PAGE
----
May 15, 2016 at San Jose Institute of Contemporary Art in San Jose.
Sunday, May 15
ICA Members, Free
Michael Arcega, Val Britton, Alice Raymond, Lordy Rodriguez and Dimitra Skandali
Christian Frock, Independant Curator and Writer
Join us for a stimulating conversation with five Bay Area artists featured in the exhibition Demarcate: Territorial Shift in Personal and Societal Mapping. The panelists will discuss their work and the themes explored in the exhibition. Inspired by cartographic imagery as a formal starting point, each artist takes a different conceptual route, questioning the fundamental purpose of maps and their primary utility to locate people and territories in the world.
Christian L. Frock is an independent curator, writer, and educator and is presently 2015 – 2017 Scholar in Residence at California College of the Arts’ Center for Art & Public Life. Frock’s practice focuses on art, social justice, and politics. Invisible Venue, the curatorial enterprise she founded and has directed since 2005, collaborates with artists to present art in public spaces. She has organized programs, exhibitions, and commissions with many organizations including the British Arts Council, Headlands Center for the Arts, Pro Arts, San Francisco Museum of Modern Art, Southern Exposure, SOMArts Cultural Center, and Emergency USA | Thoreau Center for Sustainability. Her writing has been featured in The Guardian US, KQED Arts, and the San Francisco Chronicle, among other publications. Chronicle Books published her first book, titled Unexpected Art, in 2015. She recently co-curated Public Works: Artists’ Interventions 1970s – Now at Mills College Art Museum. Her current exhibition Take This Hammer: Art + Media Activism from the Bay Area is on view at Yerba Buena Center for the Arts through August 14. Her work is archived on www.invisiblevenue.com and www.visiblealternative.com.
‘Demarcate: Territorial Shift in Personal and Societal Mapping’ brings together 14 artists whose work reflects the awareness of geographical territories and boundaries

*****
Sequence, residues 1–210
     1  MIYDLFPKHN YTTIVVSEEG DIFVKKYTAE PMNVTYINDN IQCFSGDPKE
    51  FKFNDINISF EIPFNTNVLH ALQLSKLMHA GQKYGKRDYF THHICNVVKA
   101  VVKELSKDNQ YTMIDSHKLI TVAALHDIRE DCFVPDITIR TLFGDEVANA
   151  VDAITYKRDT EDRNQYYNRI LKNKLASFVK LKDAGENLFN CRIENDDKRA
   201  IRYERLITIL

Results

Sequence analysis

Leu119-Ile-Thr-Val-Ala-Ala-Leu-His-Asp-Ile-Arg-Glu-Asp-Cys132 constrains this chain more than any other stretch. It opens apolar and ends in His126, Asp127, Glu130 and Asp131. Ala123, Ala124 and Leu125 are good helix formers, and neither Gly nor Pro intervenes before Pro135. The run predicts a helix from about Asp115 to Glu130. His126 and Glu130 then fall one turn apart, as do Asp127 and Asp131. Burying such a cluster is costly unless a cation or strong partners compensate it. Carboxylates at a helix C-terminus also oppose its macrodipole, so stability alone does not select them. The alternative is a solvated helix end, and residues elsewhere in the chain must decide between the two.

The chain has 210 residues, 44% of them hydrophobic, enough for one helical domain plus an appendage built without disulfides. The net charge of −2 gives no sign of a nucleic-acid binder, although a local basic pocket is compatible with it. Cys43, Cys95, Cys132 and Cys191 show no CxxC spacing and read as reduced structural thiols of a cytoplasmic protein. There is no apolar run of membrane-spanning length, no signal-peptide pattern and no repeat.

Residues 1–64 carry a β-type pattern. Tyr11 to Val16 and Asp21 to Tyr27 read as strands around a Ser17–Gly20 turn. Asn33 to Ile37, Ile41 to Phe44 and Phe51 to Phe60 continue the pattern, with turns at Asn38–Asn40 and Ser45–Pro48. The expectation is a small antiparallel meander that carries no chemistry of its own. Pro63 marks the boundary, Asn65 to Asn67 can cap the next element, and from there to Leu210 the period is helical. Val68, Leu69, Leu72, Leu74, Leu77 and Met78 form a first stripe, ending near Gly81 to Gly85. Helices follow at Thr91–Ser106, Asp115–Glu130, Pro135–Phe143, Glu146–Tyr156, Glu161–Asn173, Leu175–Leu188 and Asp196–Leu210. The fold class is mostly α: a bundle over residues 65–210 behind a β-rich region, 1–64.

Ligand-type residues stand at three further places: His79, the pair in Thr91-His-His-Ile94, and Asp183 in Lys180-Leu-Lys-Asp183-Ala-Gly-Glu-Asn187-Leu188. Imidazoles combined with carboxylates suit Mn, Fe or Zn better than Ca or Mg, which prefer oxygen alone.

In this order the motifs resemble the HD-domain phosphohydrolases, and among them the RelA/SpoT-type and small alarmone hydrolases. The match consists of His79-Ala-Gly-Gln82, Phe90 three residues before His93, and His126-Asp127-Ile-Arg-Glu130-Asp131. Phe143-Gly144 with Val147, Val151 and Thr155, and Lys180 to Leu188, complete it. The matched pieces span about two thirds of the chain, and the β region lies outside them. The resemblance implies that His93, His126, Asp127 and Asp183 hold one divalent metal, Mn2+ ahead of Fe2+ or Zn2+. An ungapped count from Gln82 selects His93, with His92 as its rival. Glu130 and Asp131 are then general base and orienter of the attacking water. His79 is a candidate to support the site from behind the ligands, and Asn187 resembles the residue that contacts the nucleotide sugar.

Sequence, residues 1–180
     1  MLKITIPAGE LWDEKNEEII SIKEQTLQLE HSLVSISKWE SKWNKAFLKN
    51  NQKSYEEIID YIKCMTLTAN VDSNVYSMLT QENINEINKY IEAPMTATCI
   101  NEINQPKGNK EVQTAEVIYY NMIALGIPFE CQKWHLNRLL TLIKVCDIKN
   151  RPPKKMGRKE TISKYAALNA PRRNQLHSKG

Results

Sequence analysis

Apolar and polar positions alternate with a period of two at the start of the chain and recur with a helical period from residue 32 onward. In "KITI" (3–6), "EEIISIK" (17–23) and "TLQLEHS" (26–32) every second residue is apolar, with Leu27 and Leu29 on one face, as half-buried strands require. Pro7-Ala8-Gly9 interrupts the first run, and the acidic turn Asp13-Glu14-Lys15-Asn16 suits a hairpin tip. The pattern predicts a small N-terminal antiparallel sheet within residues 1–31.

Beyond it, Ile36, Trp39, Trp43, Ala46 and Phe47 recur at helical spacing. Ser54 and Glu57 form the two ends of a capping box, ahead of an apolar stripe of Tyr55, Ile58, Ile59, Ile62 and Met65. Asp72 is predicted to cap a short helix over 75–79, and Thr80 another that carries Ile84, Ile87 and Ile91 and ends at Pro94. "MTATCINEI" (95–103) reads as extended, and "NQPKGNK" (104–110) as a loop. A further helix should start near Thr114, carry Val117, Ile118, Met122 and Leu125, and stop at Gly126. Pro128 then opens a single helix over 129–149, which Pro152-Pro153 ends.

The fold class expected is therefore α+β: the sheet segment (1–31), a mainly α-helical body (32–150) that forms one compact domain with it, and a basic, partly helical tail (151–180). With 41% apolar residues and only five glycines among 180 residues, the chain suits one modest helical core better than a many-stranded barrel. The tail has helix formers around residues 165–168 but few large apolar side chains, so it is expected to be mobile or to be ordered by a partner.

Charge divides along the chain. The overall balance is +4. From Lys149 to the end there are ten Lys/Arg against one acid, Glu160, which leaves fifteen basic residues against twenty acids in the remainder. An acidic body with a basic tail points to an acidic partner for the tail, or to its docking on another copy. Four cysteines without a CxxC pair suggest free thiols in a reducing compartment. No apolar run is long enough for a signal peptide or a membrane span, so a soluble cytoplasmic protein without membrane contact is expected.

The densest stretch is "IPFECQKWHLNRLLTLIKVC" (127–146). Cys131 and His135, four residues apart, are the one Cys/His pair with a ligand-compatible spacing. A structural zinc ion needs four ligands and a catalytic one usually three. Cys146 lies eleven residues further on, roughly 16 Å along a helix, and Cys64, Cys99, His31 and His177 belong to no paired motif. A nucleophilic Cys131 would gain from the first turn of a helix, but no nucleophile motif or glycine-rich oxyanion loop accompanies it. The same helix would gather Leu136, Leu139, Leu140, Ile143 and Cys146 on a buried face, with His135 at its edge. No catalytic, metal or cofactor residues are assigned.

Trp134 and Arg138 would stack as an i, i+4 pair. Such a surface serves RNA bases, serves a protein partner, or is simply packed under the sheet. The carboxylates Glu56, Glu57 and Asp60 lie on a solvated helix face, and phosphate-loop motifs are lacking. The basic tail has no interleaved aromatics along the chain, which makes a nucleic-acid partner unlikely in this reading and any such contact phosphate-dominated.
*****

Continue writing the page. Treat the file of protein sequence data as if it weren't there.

The artists in Demarcate are inspired by cartographic imagery as a formal starting point. From there, each artist takes a different conceptual route, examining themes such as urbanization, the natural environment, the utopia of a unified world where borders are eradicated, and identity as it relates to emotional, social, and political needs to connect with a place.
Michael Arcega, Sandow Birk (in collaboration with Elyse Pignolet), and Lordy Rodriguez create social and political maps that reveal the diverse and multiple interpretations of a perceived world.
Tiffany Chung and Matthew Picton examine the aftermath of history, exploring the recovery and growth of cities and countries ravaged by war or heavily damaged by natural disasters.
Linda Gass considers changes to the natural environment, whereas Kim Abeles, Rob Carter, and Fran Siegel look at manmade topographic changes and their effects on an ever-changing urban landscape.
Val Britton, Nikki Rosato, and Dimitra Skandali reflect upon personal associations to places, while Alice Raymond and Kim Rugg ruminate what the world would be like if borders were eradicated.
Individually, the works emphasize the human need to draw geographic lines and to locate oneself in the world. Collectively, they highlight how maps, beyond their pragmatic aspect, tell stories of relationships between a region and an individual or groups of individuals. Serving as visual narratives, the works in Demarcate offer a wider contemplation on how the marking of territory might connect to contemporary issues surrounding gentrification, globalization, nationalism, and war.
Featured artists include: Kim Abeles, Michael Arcega, Sandow Birk, Val Britton, Rob Carter, Tiffany Chung, Linda Gass, Matthew Picton, Alice Raymond, Lordy Rodriguez, Nikki Rosato, Kim Rugg, Fran Siegel, and Dimitra Skandali
Image: Rob Carter, Metropolis, 2008, Single channel HD video, 9:30, Edition size: 10 + 2 AP; Edition # 7/10, Courtesy of the Artist and Catharine Clark Gallery, San Francisco.